In my opinion, the solution to all of this boils down to adding subspec behaviour.

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KyleLeneau commented Oct 16, 2018

@JetForMe What you are asking for can be done today by using the --platform parameter. You use case would look something like this:

// This will skip the build of tvOS and MacOS like you described, absence of the --platform property will build every public scheme.
carthage update --platform ios,watchos

@sirghi I agree with you and I would like to further limit publics chems from building with some opt-in behavior like --platform provides. The use case I have is that GRDB.swift has 7 targets/public schemes (GRDBiOS, GRDBWatchOS, GRDBMacOS, GRDBCipheriOS, GRDBCipherMacOS, GRDBCustomiOS and GRDBCustomMacOS). Carthage is only compatible with the first 5, the last 2 (custom) are for custom SQLite builds and can only be done with manual installation (submodule) or Cocoapods. I would like a way to either tell carthage what schemes to build like a whitelist or to specify an exclusion list, personally I think the whitelist is better for the project overall).

Here is what I would propose for syntax:

Currently (Base Line)

As is, build all public schemes (no breaking change)

github "Groue/GRDB.swift" ~> 3.4.0

// Build all targets and variants
carthage update

// Build all targets and only iOS variants
carthage update --platform ios

Option 1: Specify whitelist in Cartfile's

Add whitelist support to Cartfile syntax

github "Groue/GRDB.swift" ["GRDB", "GRDBCipher"] ~> 3.4.0

// Build all targets based on whitelist rules for entries and variants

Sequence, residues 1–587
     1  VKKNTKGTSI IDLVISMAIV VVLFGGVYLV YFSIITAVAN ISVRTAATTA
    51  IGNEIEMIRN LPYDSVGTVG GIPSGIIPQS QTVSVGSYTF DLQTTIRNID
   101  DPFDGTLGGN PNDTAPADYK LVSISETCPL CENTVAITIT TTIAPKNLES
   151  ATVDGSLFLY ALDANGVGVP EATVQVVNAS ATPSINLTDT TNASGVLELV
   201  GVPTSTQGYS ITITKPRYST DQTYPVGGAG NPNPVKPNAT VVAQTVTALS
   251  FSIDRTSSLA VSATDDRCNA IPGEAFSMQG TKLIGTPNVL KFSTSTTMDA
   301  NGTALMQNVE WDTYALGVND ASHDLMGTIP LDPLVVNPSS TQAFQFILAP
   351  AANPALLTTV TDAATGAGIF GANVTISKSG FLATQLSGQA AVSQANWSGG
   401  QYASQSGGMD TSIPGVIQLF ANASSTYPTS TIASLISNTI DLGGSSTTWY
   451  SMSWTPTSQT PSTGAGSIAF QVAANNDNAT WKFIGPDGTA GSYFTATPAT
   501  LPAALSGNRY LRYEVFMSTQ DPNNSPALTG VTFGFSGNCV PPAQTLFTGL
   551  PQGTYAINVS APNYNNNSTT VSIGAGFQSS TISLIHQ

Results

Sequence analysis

// Would build: `GRDBiOS`, `GRDBWatchOS`, `GRDBMacOS`, `GRDBCipheriOS`,  and `GRDBCipherMacOS`
carthage update

// Build all targets and only iOS variants
// Would build: `GRDBiOS`, `GRDBCipheriOS`
carthage update --platform iOS

Option 2: Specify the dependences whitelist outside of the Cartfile's

Add whitelist support to the CLI to that it could be passed in via another file or input...

github "Groue/GRDB.swift" ~> 3.4.0

// Build all targets based on whitelist rules for entries and variants
// Would build: `GRDBiOS`, `GRDBWatchOS`, `GRDBMacOS`, `GRDBCipheriOS`,  and `GRDBCipherMacOS`
carthage update --only GRDB,GRDBCipher
// OR
carthage update --only target_whitelist_cartfile

// Build all targets and only iOS variants
// Would build: `GRDBiOS`, `GRDBCipheriOS`
carthage update --platform iOS --only GRDB,GRDBCipher
// OR
carthage update --platform iOS --only target_whitelist_cartfile

My Vote is on Option 1. I would actually like to see the Cartfile syntax be versioned in someway so this can be supported and maybe a yaml based syntax could be introduced for future extensions, but we can save that for another discussion.

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JetForMe commented Oct 16, 2018

For me, the key is to be able to specify it all in the Cartfile, so that a simple carthage update is all that's needed to build the minimum necessary for that specific project.